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Neo-Colonialism and ‘Otherness’: Representational Issues in Field Exchange

By Dorrie Chetty

Dorrie Chetty is a senior lecturer at the University of Westminster UK. Her current research interests include gender, development, globalisation and media representations.

This brief review of photographs carried in Field Exchange was prompted by a criticism levelled at the publication in 2004 'that the gallery of pictures accompanying the articles and those presented at the end of each issue is testimony to "neo-colonialism" (Renzaho A, Issue 23, p17). As well as commenting on previous issues, the author makes some recommendations on images that should be considered by both ENN editors and those in the field.

Image 1. Breastfeeding in Sierra Leone (FEx 13)

Field Exchange (FEx) is unique in the humanitarian sector in that it uses a considerable amount of pictorial illustrations to support articles. Part of the rationale for reviewing past FEx photos was to consider the potential impact of images used by the publication on readers, as well as on those represented. In the fast moving world of global media, visual representations play an increasingly significant role. We are bombarded by images from the moment we wake up in advertising, film, news coverage, etc. In the latter, images are often used as an instantaneous and powerful means of evoking emotions in the viewer/reader instead of using reams of text, which may be more time-consuming to compile and have less of an impact. The criticism levelled at FEx - that "the majority of pictures imply a situation with westerners as the 'master' while portraying 'indigenous' as the 'starved', 'powerless' or 'helpless'" is one that the development world has been struggling with for over two decades. There was a code set up by the NGO-Liaison Committee regarding representation of the developing world as far back as 1985. However, there remain major difficulties in portraying the 'reality' of victims in any situation, let alone an emergency one where the impact and urgency of the message can be crucial to life saving action. 'Reality' is not easily definable, no picture has an objective meaning - this is achieved through negotiation between a reader and the producer/editor of the image. In the case of FEx, meaning is achieved via a relationship between the subjects photographed, the photographer, the editor, and the receiver of the message. To a great extent, the interpretation of a particular image is very complex and will vary from individual to individual, in that the reader will read a particular image by drawing references from her/his 'conceptual map'. This map of references will inevitably vary depending on the reader's 'positionality', e.g. gender, geographical location, political stance and various other personal factors. Whilst we may share the conceptual map of colonial discourse, our reading will inevitably be shaped by our positionality within that historical map. We may read against the grain of the dominant or the intended readings of the editor - negotiating our own meanings, or we may be so positioned within the conceptual map that we do not challenge the dominant readings.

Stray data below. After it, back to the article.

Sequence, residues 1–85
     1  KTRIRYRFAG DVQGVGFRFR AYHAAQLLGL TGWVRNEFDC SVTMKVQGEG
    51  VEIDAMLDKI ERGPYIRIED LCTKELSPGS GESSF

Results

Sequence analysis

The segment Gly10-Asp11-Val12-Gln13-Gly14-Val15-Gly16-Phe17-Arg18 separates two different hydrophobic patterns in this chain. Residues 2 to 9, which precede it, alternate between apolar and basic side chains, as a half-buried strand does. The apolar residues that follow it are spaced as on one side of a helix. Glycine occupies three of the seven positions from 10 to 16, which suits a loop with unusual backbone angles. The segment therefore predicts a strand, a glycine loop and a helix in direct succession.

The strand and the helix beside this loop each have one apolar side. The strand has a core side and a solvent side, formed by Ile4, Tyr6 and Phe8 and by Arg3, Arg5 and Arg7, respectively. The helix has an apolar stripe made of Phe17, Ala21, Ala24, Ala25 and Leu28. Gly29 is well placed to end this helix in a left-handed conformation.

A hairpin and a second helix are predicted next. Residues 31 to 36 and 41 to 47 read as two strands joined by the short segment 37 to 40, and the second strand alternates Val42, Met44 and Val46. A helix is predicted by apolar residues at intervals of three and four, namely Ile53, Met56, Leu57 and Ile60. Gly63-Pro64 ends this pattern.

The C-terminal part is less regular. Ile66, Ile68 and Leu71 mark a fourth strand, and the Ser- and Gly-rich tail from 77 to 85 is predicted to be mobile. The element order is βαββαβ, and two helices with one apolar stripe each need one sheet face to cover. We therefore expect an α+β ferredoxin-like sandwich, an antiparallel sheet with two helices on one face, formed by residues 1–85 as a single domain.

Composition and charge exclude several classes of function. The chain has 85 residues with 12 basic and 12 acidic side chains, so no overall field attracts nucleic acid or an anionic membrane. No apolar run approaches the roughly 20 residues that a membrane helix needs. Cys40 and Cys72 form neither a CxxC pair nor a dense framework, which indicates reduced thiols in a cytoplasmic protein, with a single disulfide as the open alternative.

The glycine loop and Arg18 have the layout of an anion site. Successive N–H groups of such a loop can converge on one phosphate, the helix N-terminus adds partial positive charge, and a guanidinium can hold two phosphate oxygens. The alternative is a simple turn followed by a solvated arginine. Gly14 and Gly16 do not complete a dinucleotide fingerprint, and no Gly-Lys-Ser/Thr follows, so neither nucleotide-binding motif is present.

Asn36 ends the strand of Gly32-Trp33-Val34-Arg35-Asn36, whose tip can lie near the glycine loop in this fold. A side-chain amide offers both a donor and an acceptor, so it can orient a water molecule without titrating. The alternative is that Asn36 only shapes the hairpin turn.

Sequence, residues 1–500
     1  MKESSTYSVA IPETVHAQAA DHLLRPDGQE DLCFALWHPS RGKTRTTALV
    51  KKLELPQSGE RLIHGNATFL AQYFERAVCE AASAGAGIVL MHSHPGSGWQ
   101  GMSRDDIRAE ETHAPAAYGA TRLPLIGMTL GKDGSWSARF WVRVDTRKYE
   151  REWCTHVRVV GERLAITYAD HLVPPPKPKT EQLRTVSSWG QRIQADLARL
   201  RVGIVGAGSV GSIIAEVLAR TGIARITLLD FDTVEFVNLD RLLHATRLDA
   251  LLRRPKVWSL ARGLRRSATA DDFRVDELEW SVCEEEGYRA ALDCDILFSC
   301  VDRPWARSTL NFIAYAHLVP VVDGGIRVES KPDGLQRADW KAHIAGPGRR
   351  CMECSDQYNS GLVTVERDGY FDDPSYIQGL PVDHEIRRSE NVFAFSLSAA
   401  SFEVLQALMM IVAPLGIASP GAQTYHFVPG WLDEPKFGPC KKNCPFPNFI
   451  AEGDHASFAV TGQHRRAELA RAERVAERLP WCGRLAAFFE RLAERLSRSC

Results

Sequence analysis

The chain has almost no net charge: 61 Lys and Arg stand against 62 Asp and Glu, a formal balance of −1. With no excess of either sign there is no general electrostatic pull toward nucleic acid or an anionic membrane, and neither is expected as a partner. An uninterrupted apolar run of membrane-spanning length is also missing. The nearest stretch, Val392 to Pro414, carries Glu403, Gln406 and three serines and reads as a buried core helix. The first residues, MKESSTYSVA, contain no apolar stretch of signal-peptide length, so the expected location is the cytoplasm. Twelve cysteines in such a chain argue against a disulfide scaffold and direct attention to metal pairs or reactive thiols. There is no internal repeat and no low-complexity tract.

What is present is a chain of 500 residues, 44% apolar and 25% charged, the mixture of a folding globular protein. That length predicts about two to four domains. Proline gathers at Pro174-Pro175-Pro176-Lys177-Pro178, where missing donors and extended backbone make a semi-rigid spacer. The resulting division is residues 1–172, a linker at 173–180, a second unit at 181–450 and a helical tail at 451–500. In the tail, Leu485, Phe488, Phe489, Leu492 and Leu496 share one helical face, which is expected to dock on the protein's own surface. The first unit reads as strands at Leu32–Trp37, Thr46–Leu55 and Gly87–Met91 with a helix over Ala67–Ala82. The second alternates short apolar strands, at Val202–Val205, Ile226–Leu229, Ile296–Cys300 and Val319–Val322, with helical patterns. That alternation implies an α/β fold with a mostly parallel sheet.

Reading images in Field Exchange

We are concerned here with the extent to which FEx's use of pictorial support reinforces or challenges a neo-colonial reading. To this end, this piece of research has analysed a selection of imagery - a sample of one Field Exchange issue from each year, beginning with the inaugural issue in 1997, was selected in order to get a cross-section of images. Acknowledging my own positionality as a woman from an ex-colony, I've picked out two recurring imageries which I consider significant and which exemplify how we 'read' images.

Each FEx issue selected contains several images of a woman and child, the latter in most cases at her breast, although sometimes the child is attached to the woman's back (an example from FEx13 is given in image 1). From a Eurocentric reading, in the context of the religious imagery of Madonna and child, celebrated by European culture through paintings and sculpture, we would assume the woman to be the mother. Had the child been white and the woman rather plumper, someone from an ex-colony would have assumed the woman to be a nursing maid. These are only two possible readings of the same image, i.e. individuals 'negotiate' different readings depending on their 'positionality'. For an editor to ensure a 'preferred reading' of an image, s/he needs to have a clear understanding of the reader's conceptual map. There is an assumption that the editor and the readers would come to the same understanding, sharing references from the same conceptual map. Whilst the selection and production of an image may be consciously processed, much of the meaning eventually achieved by the reader occurs at a subconscious level and evokes emotions, using references available to her/him. As images are often used, not just to support writing, but sometimes as a code, imagery often uses easily identifiable 'signifiers'. In the development world, women and children have historically been identified as vulnerable groups with programmes focusing on maternal and child health. It's not surprising, therefore, that the imagery of a nursing mother has become a recognisable signifier of 'need' and 'vulnerability'. Furthermore, in European culture, women and children have traditionally been represented as potential victims, requiring the protection of their men, particularly against 'strangers'. When a message of victim needs to be conveyed, an image of a woman and child serves as a short-cut code. Given the focus of Field Exchange - nutritional emergencies and the fact that many interventions target this demographic group for 'good scientific' reasons, i.e. women and children are often physiologically most vulnerable in food crises, it is inevitable that there will be many photographs of these programme beneficiaries. At the same time, given the dominant meaning of the mother and child, such an image is an appealing and powerful one from which its readers can pull out their conceptual map and come to similar conclusions.